Advertisement
ENTERTAINMENT
By Lynne Heffley | March 12, 2013
Getting back into the dating scene "when you're 100 years old - or might as well be," isn't for shrinking violets. Neither is breast cancer, losing your beloved husband unexpectedly, watching two brothers deal with mental illness, and hoping the bikini top that you're expected to wear for a commercial audition will cover your mastectomy prosthesis. Veteran stage and screen actor Annie Abbott shares her years of hard knocks and success, love, loss and new love with high-octane spirit and a great deal of humor in her new one-woman show, “Giving Up Is Hard to Do,” at the Victory Theatre Center in Burbank.
NEWS
By Alene Tchekmedyian, alene.tchekmedyian@latimes.com | November 27, 2012
The attorney representing the mother of an infant who died of internal injuries said his client had no knowledge of any alleged physical abuse, calling her “very loving, very caring, very soft-spoken.” The mother, 21-year-old Elizabeth Carter, was arrested shortly after her daughter, Violet Wojcik, was taken off life support. The father, 19-year-old Matthew Wojcik, was arrested nearly a month earlier on suspicion of felony child abuse - the day after their five-week-old infant was brought to the hospital with broken bones.
SPORTS
By Grant Gordon | October 1, 2012
For the second consecutive year, Providence High was recognized by the CIF Southern Section at the Jim Staunton Champions for Character Ceremony. Soccer player Caitlin Markey was a bestowed a student-athlete champions for character honor on Monday evening in Long Beach at the Queen Mary. Markey, whose award included a $500 scholarship, spoke in her video interview about how being on the soccer team enhanced her experience in high school and, among others, thanked athletic director Andrew Bencze, staying, "without him we probably we would not even have a soccer program.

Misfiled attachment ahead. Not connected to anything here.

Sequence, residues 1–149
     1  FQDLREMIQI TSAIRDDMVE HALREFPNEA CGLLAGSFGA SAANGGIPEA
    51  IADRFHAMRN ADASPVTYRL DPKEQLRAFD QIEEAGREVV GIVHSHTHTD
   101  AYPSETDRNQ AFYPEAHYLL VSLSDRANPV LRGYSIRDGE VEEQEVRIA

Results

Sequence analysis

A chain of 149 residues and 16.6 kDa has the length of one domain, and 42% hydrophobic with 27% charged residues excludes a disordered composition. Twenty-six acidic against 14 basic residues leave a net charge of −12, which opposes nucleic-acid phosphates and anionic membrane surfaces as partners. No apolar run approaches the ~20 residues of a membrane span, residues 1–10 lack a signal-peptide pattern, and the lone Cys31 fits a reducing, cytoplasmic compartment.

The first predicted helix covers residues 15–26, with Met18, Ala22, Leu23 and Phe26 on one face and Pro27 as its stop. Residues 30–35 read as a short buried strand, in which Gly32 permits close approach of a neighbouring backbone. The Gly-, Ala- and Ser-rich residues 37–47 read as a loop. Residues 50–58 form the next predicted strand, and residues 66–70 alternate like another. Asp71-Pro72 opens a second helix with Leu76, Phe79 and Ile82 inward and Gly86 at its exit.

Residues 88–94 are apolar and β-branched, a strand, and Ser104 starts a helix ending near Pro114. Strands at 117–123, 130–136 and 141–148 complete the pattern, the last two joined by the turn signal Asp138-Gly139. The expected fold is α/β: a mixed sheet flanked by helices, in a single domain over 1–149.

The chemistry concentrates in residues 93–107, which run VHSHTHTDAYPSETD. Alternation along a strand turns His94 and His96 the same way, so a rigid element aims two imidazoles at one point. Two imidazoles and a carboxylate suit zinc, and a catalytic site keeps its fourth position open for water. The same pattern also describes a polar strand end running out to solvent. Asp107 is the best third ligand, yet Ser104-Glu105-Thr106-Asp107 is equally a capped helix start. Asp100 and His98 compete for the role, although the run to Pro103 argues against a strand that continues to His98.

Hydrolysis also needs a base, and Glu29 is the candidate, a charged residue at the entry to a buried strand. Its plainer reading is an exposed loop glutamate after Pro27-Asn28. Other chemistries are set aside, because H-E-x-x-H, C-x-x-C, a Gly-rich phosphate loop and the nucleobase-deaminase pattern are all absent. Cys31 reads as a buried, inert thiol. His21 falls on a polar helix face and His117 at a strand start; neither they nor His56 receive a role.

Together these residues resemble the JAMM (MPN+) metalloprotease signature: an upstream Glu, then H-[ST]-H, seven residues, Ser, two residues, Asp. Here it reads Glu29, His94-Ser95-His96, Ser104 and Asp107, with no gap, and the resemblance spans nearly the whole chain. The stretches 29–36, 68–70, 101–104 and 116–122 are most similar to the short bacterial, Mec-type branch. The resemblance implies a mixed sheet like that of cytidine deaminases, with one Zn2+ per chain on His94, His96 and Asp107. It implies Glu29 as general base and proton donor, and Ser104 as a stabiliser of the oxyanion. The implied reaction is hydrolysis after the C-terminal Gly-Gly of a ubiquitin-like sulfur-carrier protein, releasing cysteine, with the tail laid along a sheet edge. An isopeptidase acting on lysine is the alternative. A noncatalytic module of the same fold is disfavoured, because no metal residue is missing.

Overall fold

THE818NOW
By Kelly Corrigan, kelly.corrigan@latimes.com | September 21, 2012
More than 150 seventh- and eighth-grade students at Jordan Middle School were given a new task this week: to write and draw a three-minute animated cartoon. A panel of teachers and parents will select the best entry this spring and Cartoon Network will produce the winning cartoon. On Wednesday, Cartoon Network animator Dave Smith shared his career path and a few tips for success in animation. “Write what you know, write what you feel. Write what interests you,” Smith said.
COMMUNITY
By Joyce Rudolph | June 5, 2012